The reciprocal is also true, though: you can increase certain energy pools without decreasing others. If you train and increase your aerobic capacity, your anaerobic potential remains the same, but since you can now regenerate more ATP using the aerobic system you rely on the other systems less at a given level of intensity. Similarly, if you supplement with creatine, you increase your pool of creatine phosphate, allowing for slightly greater amounts of high-intensity exercise—you still only use that system when the situation calls for it, and your aerobic capability remains the same.
Taken together, this is probably the biggest reason why I cannot support ketogenic diets for performance—you reduce the size of one energy pool (anaerobic glycolysis) while merely shifting fuel use around in another. There is no advantage to ATP regeneration because the ketone bodies ketosis creates must also be aerobically oxidized. Thus, it’s difficult to imagine a way in which ketosis would improve performance, and as of yet no study has demonstrated any advantage to a ketogenic diet while a few have noted significant decreases in anaerobic ability—which is exactly what we would expect!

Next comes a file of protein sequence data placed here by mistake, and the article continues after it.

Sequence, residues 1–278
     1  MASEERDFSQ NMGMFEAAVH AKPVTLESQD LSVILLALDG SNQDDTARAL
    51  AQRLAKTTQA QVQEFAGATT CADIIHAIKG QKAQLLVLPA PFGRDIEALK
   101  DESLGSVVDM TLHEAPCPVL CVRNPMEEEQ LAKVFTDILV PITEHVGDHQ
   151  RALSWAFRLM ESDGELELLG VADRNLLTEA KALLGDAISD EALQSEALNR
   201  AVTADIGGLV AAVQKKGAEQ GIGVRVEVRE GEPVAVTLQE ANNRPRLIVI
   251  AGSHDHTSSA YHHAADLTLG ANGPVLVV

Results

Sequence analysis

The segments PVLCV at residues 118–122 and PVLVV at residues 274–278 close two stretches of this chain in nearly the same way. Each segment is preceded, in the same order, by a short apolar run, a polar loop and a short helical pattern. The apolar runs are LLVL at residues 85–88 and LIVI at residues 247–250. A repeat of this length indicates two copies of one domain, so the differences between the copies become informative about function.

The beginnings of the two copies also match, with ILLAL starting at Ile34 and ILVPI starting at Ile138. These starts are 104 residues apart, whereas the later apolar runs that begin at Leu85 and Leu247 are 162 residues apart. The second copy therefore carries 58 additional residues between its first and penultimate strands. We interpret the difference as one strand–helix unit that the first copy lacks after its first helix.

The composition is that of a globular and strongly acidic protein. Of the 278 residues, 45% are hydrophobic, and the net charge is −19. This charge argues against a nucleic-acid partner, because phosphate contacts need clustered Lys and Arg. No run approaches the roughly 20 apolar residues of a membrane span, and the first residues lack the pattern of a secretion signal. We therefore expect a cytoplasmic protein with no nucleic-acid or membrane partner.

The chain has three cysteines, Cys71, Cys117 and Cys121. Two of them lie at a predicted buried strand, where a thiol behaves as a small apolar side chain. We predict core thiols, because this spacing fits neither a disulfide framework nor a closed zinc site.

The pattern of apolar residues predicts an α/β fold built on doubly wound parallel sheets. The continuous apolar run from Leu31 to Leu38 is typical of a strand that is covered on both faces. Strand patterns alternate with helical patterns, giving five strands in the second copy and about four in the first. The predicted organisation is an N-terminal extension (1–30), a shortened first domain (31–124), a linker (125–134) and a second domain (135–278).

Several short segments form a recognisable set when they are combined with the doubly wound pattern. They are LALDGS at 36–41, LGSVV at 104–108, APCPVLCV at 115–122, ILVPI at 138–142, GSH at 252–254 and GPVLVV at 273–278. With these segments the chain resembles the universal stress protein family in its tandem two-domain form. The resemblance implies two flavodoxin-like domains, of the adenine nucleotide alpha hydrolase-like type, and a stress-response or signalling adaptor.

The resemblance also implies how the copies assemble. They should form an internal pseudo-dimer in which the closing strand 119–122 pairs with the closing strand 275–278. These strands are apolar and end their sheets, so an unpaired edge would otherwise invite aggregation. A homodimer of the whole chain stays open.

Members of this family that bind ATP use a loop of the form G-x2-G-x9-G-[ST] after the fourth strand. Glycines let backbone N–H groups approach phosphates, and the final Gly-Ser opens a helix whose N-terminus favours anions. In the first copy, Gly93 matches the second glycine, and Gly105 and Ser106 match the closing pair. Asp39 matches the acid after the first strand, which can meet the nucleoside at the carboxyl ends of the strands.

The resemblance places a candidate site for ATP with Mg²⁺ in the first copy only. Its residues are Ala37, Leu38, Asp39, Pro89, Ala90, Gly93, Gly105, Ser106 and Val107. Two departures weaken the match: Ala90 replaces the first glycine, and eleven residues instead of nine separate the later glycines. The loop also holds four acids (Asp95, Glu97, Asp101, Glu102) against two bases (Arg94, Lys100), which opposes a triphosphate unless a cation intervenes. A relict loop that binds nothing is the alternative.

That wraps up this series on energy metabolism. It’s a fascinating topic, and I’m sure I’ll write more about it in the future, drawing even more insights out of this base knowledge! For now, it’s time to move on.
From this final installment, I hope you’re walking away with the following key points:
- Fats and carbs have different molecular structures and their fueling advantages and disadvantages are derived from these differences.
- Level of exertion is the most important factor in fuel selection.
- You cannot increase your aerobic system through diet, but you can affect the sizes of your anaerobic systems.
As always, I’d love to hear your thoughts! If there’s anything that is still a little unclear (or that seems contradictory), let me know in the comments.